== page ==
Every time there is a public protest, activists are told that there is a better way to get their point across. Now, instead of tolerating a 17-minute disruption, schools have chosen to reinforce misconceptions about how protests work.

Many schools are also telling students that they will endanger themselves by simply protesting outside for a few minutes, without telling them why that may be a possibility.

When sanitation workers went on strike in 1968, and Martin Luther King Jr. went to Memphis to support the workers. Police shot and killed a teenager and released tear gas into a church. When thousands of suffragists marched past the White House in 1913, they were physically assaulted. More recently, in 2011, police pepper-sprayed protesting students at University of California Davis who were simply sitting down to support Occupy Wall Street protesters. Last fall, police responded to peaceful protests in St. Louis over police brutality by showing up in riot gear and declaring them unlawful. And in Charlottesville last August, police simply watched as white supremacists and counter-protesters fought each other. Activists on Capitol Hill have repeatedly been arrested for demanding immigration reform and access to health care from lawmakers.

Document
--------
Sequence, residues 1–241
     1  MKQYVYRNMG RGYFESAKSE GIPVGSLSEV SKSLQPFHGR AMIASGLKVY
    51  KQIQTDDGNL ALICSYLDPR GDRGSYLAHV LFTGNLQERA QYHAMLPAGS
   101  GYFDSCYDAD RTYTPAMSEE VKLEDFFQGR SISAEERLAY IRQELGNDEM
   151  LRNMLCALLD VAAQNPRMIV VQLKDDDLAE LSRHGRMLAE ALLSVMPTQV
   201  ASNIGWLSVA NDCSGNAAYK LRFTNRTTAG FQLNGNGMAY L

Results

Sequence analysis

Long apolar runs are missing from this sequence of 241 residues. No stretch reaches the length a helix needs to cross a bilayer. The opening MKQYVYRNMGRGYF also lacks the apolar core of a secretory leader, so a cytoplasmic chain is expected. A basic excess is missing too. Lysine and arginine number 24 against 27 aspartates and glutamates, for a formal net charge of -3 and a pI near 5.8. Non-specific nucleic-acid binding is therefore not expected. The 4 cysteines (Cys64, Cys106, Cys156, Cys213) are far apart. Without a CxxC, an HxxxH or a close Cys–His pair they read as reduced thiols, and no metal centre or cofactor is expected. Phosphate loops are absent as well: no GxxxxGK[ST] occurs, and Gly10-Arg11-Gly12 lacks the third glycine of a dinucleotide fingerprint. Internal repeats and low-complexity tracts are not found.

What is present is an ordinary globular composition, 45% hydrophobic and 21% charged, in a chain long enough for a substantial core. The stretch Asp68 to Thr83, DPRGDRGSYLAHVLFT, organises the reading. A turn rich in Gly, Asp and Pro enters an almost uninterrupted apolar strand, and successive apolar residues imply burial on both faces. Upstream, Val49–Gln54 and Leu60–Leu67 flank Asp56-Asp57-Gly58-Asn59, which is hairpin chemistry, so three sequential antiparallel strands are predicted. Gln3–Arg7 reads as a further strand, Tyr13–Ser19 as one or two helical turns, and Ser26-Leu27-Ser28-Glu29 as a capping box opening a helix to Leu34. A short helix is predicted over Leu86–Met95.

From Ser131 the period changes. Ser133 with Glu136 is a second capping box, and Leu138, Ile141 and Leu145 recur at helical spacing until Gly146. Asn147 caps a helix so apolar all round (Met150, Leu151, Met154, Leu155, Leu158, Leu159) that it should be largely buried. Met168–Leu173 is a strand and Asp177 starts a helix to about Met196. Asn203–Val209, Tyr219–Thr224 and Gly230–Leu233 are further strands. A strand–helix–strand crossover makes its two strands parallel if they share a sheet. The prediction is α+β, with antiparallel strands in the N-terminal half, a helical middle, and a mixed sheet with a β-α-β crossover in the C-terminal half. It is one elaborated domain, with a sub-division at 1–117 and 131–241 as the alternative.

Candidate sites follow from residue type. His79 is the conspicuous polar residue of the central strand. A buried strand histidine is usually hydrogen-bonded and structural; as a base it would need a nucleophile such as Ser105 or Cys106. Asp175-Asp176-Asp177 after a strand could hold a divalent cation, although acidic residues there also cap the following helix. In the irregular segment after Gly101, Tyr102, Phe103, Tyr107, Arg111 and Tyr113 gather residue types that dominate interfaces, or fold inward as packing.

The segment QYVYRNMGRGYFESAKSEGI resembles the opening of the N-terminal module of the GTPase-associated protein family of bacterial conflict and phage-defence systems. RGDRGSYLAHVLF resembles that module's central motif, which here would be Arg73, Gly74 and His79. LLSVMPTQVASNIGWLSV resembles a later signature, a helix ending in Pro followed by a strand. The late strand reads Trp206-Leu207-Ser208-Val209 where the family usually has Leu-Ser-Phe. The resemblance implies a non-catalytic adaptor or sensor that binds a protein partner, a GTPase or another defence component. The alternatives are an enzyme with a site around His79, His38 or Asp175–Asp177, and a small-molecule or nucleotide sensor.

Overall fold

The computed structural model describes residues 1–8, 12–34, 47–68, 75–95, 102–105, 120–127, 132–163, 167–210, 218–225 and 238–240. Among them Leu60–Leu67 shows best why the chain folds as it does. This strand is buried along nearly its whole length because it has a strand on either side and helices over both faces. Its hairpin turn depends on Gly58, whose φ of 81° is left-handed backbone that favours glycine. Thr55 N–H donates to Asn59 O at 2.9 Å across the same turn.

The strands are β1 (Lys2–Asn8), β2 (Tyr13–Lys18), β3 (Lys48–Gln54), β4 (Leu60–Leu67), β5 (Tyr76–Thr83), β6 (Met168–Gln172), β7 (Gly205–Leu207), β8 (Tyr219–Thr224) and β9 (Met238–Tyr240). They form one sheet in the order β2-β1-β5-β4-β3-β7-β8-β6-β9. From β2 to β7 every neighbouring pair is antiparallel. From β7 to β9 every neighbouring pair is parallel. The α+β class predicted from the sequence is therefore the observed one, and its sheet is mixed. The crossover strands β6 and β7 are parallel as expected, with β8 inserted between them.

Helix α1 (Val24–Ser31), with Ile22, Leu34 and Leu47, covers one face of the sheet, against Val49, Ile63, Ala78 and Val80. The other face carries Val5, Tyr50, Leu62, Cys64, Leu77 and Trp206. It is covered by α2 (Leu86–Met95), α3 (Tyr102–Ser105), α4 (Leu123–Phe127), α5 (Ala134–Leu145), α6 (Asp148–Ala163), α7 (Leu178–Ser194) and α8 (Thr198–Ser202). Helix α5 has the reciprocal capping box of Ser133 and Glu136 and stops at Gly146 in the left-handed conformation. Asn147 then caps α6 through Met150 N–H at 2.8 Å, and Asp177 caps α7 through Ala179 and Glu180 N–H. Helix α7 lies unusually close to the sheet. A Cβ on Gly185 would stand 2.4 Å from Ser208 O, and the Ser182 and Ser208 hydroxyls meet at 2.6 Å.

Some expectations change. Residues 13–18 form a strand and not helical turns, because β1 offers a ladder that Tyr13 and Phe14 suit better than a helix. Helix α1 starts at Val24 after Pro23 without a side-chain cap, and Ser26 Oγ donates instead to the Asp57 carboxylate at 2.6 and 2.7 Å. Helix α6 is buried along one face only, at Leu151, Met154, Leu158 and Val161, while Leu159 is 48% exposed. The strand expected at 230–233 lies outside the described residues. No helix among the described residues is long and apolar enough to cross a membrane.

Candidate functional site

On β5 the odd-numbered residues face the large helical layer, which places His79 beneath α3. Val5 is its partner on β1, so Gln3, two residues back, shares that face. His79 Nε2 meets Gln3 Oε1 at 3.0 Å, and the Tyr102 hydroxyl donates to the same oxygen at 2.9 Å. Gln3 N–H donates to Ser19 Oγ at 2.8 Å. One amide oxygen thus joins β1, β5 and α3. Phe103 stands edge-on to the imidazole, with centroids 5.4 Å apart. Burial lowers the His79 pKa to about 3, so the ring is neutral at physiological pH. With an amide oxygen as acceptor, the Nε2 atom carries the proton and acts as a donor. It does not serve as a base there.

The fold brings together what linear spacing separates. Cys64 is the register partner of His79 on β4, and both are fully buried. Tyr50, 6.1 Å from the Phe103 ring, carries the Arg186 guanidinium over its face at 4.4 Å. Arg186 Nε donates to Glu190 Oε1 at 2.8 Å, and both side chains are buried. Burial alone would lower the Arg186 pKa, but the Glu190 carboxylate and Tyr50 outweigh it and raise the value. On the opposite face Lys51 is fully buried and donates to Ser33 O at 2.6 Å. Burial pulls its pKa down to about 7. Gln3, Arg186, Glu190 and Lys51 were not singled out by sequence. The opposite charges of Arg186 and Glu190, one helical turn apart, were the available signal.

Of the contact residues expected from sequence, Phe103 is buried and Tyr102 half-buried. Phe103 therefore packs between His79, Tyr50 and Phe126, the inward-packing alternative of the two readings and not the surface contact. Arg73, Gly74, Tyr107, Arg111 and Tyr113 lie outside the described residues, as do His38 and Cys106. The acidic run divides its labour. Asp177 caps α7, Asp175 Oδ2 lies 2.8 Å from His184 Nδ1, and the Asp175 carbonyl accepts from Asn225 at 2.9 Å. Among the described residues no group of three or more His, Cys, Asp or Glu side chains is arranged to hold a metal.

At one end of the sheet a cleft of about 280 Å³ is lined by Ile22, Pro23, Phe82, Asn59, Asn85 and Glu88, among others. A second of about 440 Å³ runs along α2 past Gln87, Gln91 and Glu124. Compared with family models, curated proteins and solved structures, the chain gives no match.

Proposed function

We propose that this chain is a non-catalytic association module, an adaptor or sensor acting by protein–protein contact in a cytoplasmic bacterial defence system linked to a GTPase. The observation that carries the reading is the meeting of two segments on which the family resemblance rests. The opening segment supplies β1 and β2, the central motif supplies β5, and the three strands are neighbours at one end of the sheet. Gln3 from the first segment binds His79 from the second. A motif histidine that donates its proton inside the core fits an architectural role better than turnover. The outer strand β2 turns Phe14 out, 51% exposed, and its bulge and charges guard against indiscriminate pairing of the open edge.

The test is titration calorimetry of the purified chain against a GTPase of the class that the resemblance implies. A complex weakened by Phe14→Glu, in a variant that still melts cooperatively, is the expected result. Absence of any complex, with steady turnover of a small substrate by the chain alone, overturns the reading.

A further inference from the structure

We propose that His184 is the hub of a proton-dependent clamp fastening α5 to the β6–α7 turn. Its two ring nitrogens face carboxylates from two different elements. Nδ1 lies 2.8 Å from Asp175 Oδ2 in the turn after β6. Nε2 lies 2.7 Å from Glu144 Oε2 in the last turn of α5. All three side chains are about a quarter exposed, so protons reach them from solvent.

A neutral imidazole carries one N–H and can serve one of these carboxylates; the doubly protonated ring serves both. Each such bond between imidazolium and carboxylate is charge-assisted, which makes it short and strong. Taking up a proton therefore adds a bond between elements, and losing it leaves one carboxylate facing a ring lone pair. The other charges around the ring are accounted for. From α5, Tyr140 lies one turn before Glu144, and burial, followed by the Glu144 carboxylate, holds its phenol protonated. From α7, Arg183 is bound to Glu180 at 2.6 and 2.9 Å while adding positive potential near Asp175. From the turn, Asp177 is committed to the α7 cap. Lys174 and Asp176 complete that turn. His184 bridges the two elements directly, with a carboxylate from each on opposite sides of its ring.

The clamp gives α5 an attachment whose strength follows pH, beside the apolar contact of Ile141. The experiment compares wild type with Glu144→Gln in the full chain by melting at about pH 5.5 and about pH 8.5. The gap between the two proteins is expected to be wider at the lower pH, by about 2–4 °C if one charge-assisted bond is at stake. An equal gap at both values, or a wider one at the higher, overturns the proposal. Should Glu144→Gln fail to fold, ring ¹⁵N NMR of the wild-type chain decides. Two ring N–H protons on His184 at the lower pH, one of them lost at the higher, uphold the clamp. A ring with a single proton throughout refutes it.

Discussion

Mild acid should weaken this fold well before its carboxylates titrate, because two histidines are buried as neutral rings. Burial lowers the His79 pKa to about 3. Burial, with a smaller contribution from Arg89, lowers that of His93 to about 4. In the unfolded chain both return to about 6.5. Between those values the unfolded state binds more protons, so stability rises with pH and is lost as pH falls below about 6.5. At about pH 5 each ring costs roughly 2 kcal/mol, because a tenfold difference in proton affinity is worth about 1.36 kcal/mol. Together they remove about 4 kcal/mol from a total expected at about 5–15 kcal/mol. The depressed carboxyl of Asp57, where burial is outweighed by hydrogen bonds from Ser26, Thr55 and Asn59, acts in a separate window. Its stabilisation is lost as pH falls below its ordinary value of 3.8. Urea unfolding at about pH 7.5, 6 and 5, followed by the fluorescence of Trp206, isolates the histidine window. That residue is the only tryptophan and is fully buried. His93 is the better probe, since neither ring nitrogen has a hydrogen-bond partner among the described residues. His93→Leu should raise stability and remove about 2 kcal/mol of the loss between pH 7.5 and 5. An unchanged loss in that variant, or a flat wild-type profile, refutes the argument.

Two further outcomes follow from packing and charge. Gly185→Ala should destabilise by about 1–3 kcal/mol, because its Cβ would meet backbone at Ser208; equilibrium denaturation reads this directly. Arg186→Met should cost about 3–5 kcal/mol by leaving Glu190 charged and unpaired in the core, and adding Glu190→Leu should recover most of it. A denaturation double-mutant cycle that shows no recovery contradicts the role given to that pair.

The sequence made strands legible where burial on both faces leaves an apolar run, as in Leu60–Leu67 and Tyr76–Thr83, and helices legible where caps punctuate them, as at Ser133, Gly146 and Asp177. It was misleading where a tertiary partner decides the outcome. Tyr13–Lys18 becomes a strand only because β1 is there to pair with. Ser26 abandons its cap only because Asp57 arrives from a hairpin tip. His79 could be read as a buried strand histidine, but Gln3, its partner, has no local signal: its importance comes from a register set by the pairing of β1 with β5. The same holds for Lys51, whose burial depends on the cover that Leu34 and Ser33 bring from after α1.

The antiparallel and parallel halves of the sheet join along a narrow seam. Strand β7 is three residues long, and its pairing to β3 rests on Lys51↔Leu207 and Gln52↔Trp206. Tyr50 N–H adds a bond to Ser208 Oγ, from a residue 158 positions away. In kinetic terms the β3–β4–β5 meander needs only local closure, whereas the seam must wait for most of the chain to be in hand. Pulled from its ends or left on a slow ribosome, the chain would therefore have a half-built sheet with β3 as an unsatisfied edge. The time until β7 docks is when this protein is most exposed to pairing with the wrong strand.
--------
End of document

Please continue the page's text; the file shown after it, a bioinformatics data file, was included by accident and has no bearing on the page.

When schools say they want to protect students by offering a police presence, some appropriate questions are, “From who?” and “Who will protect protesters from police?”

But students will surely learn from these protests. They will learn that authority figures and institutions will always stand in the way of demonstrations and support police involvement in protest. They will learn that institutions will often step outside of legal boundaries to punish them and that it may take some time for them to receive any justice. They will also learn that some actions are worth the consequences to send a message that everyone in the nation will hear.